Behind the urgency of climate action is the understanding that everything is connected; behind white supremacy is an ideology of separation.

Of separation as the idea that human beings are divided into races, and those in one race have nothing in common with those in others. Of separation as the idea that though white people have overrun the globe, nonwhite people should stay out of Europe, North America, and now even New Zealand and Australia, two places where white settlers came relatively recently to already inhabited places – as a fantasy of resegregating the world. Of a lot of ideas and ideals of masculinity taken to a monstrous extreme – as ideas of disconnection, of taking matters into your own hands, of feeling no empathy and exhibiting no kindness, of asserting yourself as having the right to dominate others even unto death. And of course, of guns as the symbols and instruments of this self-definition.

It’s no accident that climate denial is integral to rightwing thinking, that Republicans in the US have been freaking out about the Green New Deal, that maximizing fossil fuel development and profit seems to be a cornerstone of their libertarian-capitalist ideology. To acknowledge that everything is connected is to acknowledge that our actions have consequences and therefore responsibilities they are unwilling to shoulder. Also that the solutions to climate change require cooperative work at all levels from local energy transition to national policies that stop subsidizing fossil fuels to international agreements to set emissions goals.



So I saw Iraq trending on twitter and took a peek…

Let’s just say that I’ve already shared the following article twice. It’s amazing how gullible and/or misinformed so many people still are on this 16th anniversary of the U.S. attack on Iraq.

Lie by Lie: A Timeline of How We Got Into Iraq

the blame for Iraq does not end with Cheney, Bush, or Rumsfeld. Nor is it limited to the intelligence operatives who sat silent as the administration cherry-picked its case for war, or with those, like Colin Powell or Hans Blix, who, in the name of loyalty or statesmanship, did not give full throat to their misgivings. It is also shared by far too many in the Fourth Estate, most notably the New York Times‘ Judith Miller. But let us not forget that it lies, inescapably, with we the American people, who, in our fear and rage over the catastrophic events of September 11, 2001, allowed ourselves to be suckered into the most audacious bait and switch of all time.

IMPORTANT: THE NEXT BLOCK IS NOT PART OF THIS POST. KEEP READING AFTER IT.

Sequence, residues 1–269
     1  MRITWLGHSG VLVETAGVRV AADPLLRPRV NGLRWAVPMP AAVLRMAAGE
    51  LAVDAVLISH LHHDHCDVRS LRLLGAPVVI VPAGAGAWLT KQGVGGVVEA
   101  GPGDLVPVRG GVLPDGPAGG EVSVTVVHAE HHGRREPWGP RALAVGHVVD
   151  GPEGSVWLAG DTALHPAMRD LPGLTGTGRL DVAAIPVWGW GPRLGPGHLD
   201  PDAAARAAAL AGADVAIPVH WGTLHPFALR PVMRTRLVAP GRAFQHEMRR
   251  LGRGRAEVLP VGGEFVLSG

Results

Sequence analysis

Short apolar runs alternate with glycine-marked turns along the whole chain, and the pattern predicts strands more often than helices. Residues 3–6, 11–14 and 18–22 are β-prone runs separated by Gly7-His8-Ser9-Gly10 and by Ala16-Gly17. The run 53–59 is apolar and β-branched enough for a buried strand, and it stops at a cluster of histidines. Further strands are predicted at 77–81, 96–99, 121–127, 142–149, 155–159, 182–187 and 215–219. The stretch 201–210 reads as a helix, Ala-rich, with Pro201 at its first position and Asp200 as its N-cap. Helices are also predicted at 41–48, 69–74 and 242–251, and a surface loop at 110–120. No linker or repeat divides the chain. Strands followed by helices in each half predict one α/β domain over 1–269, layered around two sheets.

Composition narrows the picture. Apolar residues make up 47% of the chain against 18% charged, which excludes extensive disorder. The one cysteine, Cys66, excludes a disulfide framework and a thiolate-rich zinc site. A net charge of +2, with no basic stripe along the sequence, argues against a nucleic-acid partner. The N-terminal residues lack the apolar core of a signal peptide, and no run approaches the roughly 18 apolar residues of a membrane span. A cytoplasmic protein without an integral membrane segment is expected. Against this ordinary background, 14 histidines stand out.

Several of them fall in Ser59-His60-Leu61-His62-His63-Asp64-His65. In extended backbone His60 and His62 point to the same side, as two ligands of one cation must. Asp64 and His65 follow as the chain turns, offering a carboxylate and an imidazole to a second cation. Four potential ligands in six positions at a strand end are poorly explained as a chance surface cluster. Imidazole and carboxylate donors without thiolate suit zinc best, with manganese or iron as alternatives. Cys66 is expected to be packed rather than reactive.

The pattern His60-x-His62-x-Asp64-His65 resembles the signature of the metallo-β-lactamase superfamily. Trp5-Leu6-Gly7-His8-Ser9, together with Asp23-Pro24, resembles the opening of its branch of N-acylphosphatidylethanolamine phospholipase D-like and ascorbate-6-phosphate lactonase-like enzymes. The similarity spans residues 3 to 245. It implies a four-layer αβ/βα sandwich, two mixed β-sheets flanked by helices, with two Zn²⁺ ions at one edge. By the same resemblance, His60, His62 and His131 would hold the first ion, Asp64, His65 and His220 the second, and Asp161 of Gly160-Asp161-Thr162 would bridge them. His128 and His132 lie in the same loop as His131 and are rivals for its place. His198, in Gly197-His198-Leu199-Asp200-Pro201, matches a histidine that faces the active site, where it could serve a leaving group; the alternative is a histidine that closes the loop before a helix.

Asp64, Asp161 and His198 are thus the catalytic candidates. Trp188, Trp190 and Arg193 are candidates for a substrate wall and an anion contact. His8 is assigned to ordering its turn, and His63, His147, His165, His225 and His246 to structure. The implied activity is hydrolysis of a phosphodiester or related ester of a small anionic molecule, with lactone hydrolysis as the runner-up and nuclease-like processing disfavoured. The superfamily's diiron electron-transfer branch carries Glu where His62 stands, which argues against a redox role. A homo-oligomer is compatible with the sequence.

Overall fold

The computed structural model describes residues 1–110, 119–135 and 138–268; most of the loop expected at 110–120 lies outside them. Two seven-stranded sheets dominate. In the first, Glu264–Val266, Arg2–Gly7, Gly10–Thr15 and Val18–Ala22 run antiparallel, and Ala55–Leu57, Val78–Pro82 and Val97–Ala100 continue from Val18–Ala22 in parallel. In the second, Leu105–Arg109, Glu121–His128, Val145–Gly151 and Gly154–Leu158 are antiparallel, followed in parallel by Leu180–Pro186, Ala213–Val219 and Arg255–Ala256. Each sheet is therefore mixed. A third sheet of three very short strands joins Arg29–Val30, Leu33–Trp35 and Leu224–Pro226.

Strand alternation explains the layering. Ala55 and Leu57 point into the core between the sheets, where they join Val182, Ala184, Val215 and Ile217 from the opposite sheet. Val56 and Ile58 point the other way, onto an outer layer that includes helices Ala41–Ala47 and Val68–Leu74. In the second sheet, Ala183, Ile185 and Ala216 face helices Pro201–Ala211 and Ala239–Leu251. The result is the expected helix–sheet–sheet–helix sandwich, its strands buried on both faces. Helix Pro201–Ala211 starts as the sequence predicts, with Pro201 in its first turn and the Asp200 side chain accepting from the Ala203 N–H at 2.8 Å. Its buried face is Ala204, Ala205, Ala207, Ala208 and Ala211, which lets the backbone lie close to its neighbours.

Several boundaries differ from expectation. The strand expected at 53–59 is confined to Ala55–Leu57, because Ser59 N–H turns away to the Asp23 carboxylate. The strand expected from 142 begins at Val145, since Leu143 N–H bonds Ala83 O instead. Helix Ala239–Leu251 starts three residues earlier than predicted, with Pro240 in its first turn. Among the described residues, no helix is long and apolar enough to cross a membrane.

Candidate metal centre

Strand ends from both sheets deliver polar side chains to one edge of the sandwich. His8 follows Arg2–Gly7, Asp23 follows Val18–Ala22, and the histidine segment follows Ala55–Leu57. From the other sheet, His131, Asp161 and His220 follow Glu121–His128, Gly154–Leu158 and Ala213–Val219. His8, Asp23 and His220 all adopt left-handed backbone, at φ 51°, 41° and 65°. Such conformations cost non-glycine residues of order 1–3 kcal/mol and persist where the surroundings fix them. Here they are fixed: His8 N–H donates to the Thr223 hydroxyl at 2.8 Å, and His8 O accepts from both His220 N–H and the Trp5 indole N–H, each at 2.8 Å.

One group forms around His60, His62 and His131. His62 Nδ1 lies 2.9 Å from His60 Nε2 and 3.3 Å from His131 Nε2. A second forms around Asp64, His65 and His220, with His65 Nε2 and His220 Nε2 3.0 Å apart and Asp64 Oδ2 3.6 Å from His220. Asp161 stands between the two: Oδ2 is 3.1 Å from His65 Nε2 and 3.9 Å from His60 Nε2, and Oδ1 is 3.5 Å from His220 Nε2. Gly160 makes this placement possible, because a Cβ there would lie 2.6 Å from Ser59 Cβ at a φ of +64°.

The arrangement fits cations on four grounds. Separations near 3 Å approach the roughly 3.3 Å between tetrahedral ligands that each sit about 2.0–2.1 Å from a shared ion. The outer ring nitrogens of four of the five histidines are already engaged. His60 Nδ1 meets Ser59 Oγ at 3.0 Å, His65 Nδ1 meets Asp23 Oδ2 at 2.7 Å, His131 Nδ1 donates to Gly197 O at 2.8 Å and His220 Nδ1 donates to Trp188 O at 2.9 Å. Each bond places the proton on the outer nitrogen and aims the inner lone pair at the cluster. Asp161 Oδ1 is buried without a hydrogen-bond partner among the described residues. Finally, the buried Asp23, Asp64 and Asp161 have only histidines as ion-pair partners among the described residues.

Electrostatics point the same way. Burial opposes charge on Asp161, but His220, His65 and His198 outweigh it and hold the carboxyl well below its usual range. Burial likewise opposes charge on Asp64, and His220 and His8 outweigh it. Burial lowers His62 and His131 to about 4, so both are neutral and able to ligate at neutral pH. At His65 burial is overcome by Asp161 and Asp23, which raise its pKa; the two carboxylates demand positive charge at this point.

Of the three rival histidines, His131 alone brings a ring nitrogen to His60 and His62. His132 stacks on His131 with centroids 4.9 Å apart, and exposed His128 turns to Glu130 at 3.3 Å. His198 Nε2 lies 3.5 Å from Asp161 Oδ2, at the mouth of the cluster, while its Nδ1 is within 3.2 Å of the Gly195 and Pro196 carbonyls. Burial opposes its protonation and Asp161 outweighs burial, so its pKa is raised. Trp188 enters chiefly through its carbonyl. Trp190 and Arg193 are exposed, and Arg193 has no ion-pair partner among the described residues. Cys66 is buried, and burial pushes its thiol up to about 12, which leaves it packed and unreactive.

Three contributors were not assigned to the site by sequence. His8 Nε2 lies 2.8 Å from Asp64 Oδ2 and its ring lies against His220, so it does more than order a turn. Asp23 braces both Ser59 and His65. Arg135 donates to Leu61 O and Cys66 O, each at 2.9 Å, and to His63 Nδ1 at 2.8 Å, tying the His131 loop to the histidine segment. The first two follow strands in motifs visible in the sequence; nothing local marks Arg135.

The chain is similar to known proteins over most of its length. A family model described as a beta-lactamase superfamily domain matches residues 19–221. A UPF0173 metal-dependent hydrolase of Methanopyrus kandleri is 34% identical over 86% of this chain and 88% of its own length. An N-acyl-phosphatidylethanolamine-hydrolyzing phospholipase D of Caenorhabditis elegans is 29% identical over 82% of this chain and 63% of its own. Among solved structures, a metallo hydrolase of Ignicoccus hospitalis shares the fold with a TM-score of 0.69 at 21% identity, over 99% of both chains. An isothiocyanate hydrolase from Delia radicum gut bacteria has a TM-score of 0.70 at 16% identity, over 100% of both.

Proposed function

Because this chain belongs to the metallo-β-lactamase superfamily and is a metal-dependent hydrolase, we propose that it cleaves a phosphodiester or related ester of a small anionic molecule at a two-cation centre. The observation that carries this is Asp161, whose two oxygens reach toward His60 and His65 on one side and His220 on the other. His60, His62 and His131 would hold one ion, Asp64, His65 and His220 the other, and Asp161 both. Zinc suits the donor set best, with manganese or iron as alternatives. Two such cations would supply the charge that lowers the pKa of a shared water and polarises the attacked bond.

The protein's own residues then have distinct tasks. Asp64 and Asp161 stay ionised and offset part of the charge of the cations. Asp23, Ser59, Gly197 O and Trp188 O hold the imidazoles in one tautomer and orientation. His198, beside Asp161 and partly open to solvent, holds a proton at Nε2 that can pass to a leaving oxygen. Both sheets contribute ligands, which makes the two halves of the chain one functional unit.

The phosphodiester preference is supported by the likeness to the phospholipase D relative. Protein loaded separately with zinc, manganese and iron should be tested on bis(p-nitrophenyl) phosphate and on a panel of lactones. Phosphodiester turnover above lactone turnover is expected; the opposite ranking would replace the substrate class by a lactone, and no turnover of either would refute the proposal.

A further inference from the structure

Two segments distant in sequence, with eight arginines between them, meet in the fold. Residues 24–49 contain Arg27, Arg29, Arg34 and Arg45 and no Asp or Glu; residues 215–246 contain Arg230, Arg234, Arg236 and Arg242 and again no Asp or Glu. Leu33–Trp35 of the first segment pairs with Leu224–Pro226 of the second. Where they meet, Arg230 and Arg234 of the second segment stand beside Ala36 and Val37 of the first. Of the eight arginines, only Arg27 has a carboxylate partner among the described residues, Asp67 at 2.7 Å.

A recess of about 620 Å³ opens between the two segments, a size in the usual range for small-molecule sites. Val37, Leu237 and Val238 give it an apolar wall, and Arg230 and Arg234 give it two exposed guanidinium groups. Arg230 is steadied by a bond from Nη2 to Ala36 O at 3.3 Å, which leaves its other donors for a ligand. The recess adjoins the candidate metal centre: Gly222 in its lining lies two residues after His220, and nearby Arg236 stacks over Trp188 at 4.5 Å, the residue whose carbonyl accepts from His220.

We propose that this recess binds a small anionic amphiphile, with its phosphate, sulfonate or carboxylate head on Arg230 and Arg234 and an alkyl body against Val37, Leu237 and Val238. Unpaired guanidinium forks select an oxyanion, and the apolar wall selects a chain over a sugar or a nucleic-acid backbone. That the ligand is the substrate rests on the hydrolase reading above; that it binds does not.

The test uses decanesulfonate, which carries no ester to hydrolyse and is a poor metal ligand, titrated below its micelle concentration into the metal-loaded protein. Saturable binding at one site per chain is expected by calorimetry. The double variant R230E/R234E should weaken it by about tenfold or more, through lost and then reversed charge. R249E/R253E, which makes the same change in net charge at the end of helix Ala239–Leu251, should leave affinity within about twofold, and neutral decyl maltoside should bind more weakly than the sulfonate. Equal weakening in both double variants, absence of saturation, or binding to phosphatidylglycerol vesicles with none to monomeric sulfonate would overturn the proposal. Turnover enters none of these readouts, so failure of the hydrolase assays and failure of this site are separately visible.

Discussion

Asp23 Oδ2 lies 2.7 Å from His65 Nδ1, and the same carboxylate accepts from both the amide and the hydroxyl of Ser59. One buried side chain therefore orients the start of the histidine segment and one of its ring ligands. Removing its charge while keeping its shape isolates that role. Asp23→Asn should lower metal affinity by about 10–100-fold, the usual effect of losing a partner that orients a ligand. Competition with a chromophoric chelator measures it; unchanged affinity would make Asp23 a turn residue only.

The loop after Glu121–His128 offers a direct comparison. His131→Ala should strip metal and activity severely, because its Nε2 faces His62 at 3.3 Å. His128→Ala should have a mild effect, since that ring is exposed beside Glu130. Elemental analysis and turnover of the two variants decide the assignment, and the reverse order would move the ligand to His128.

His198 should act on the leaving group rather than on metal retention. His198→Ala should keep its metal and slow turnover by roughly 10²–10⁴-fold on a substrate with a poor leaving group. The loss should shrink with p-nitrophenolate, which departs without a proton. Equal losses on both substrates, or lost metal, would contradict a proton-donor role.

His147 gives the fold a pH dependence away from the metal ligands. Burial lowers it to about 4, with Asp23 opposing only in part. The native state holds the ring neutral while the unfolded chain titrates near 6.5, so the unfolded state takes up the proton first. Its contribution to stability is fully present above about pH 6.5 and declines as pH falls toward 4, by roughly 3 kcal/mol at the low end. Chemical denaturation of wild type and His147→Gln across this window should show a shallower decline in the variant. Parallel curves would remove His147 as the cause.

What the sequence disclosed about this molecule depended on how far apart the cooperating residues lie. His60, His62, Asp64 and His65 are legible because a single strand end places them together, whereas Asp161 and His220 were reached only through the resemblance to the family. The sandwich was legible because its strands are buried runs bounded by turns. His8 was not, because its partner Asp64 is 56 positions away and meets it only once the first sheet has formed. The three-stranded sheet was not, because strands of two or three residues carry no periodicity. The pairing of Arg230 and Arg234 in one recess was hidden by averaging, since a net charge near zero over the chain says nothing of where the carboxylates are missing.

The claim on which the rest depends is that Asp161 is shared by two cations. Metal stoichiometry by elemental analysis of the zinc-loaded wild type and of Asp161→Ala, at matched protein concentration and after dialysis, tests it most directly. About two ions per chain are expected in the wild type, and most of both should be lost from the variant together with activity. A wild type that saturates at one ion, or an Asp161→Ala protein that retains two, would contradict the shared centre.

(back when Mother Jones was a force for good, i.e. before Clara wrecked it)




Sen. Kirsten Gillibrand D-NY is laying out aggressive stances on a slate of progressive issues as she introduces herself to Iowans on her first swing through the state after officially announcing her candidacy this past weekend.

The two-term senator and attorney, Gillibrand told dozens of people crowded into a bar in Davenport Tuesday night that climate change is “the greatest threat to humanity that exists.”

To address the threats of warming temperatures and rising seas, she voiced her support for the Green New Deal, an agressive plan by congressional Democrats to drastically cut greenhouse gas emissions in the next decade.

“When John F. Kennedy said, ‘we’re putting a man on the moon in the next ten years not because it’s easy but because it’s hard,’ he didn’t know if we could get the man on the moon in ten years,” she said. “We don’t know if we can get to net zero carbon emissions in ten years, but we should certainly try.”

Gillibrand even called for going above and beyond the Green New Deal, which proposes considerable investments and committment from the federal government to expand renewable energy, help communities become climate-resilient and overhaul the nation’s building stock, all while creating jobs and economic development.

“We, to deal with such a big problem, we need the kind of solutions that are as bold and as big as the problem that it is,” she said. “I believe the Green New Deal is a very good start but it’s not enough.”


So Bernie got almost twice as many donors.